China with Polish Characteristics

April 6, 2008

Alive and kicking!

Filed under: Uncategorized — chinatalk @ 10:01 am

Ok, all right, this blog went dead for the last two months but I’m not going to let that happen again. I just made it back from Hong Kong this week and even though the trip was very short (visa!), I feel like I’m rediscovering Beijing anew, somehow falling in love with it by stages. When I stepped off the train at the West Station it was a clear, bright day. You could say the air smelled of spring, only it was slightly dry and dusty, like the aftertaste of pu’er tea, and came at you in gusts of wind, tugging defiantly. The sky above was silent, flat and pale blue, spilling endlessly across the horizon. If not for the roads and concrete buildings, the impression of Beijing would be like that of the grassland and it’s great, open spaces. This was the North country, solemn and willful; and the people I saw on the streets with their plain demeanor and dry laughter reflected this landscape. It never stops to amaze me how different the north and south of China are from each other. Because several days earlier, when I made it to Guangzhou I felt I was stepping into a different world, or at least, a different country.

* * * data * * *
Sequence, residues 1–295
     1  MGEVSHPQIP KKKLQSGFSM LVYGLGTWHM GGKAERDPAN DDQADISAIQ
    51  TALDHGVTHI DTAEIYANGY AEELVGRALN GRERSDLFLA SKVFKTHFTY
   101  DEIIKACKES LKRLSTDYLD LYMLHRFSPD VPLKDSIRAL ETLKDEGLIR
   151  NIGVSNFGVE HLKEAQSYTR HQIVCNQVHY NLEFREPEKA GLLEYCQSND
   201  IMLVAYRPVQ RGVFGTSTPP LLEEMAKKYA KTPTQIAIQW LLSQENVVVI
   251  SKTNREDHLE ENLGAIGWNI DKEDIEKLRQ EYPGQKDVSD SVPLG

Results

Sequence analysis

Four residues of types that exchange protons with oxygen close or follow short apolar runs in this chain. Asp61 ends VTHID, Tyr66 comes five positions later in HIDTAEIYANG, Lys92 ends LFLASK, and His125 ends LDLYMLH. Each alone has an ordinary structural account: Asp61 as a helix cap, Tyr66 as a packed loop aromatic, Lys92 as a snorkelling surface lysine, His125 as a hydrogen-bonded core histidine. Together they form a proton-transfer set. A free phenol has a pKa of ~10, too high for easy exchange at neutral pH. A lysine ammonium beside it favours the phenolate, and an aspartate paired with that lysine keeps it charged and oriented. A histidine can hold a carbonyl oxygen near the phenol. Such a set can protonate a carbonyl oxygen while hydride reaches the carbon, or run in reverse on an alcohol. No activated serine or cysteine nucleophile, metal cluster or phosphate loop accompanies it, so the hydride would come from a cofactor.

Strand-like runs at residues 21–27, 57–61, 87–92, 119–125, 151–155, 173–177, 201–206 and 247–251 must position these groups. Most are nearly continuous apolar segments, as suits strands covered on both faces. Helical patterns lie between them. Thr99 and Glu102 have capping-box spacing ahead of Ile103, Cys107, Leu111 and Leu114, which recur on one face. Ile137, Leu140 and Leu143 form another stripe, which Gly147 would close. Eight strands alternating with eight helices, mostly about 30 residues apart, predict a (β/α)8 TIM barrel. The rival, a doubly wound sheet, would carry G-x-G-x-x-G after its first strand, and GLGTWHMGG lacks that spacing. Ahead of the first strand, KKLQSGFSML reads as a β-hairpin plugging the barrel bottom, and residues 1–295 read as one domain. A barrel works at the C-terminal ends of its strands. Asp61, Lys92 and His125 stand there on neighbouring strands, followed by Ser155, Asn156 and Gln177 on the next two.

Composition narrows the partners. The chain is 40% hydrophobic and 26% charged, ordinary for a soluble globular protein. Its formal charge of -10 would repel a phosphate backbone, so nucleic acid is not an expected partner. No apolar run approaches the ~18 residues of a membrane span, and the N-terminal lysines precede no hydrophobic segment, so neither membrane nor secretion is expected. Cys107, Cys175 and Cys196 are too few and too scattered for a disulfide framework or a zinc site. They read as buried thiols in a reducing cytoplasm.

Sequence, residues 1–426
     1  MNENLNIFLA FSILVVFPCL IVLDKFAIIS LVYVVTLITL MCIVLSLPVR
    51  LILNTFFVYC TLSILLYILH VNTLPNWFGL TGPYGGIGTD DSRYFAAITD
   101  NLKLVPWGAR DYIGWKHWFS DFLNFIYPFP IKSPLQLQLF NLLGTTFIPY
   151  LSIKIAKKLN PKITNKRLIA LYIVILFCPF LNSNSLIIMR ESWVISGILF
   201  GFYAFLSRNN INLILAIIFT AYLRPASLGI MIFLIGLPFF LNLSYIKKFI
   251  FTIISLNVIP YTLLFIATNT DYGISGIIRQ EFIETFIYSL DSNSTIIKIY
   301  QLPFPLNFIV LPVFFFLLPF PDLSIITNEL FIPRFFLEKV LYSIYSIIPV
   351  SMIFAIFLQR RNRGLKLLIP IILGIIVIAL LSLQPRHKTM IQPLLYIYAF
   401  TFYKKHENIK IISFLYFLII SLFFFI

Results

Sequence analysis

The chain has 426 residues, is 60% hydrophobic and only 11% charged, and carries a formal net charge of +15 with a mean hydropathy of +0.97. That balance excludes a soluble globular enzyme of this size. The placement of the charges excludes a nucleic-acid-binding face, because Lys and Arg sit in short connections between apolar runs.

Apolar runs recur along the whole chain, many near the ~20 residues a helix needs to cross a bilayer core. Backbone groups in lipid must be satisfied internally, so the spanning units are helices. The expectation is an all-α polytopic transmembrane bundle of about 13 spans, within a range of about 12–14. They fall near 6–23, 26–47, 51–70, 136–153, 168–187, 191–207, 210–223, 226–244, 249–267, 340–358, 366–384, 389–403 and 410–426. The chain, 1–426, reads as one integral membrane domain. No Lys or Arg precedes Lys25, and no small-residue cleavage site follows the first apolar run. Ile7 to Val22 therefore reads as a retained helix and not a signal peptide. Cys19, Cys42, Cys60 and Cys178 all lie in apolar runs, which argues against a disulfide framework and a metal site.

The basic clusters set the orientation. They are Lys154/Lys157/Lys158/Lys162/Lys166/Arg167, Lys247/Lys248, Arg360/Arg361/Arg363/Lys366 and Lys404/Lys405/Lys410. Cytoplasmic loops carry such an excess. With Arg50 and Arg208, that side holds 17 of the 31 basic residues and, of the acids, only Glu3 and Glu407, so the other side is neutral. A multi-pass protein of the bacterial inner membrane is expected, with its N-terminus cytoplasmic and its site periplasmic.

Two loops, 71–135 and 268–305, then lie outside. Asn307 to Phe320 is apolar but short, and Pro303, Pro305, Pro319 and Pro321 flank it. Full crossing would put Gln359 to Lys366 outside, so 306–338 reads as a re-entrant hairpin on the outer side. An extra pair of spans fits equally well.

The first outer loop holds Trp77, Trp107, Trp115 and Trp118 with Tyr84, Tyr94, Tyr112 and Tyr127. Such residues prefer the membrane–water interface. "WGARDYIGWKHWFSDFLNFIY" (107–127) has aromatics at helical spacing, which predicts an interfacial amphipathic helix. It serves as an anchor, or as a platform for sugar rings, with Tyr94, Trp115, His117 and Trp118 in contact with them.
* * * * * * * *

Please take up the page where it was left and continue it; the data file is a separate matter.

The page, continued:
This was a city shaped by its subtropical climate, and the streets and people, although quite busy, felt light and warm and happy. There were palms and lush greenery all around and the air felt like balsam, oozing gently into your mood. The language sounded softer and more melodic, changing the style of conversations, drawing them out although not as much as in Hong Kong. And nearly everyone I saw seemed to be Buddhist – on their light clothing a number of people wore green jade pedants, usually associated with the faith. It was all quite dreamy and dazzling and reminded me of Sichuan (even more laidback) and I didn’t want to go back.

One day later, the visa officials in Wanchai (Hong Kong) gave me hell, once again confirming that Polish spirit and paperwork do not go well together. But aside of bureaucracy I had great time tramping around Kowloon (massage, sir?) which feels incredibly Indian with its tiny, crowded shops and rundown architecture. It’s as if the late Empire never quite left and people are shuffling around in a wonderful, expired time capsule. Hong Kong. The ferry, the bookshops, the seafood, the incredible mix of cultures. One of my favorite places in China. But it’s good to be back home, in the North and be able to appreciate it with a fresh perspective.

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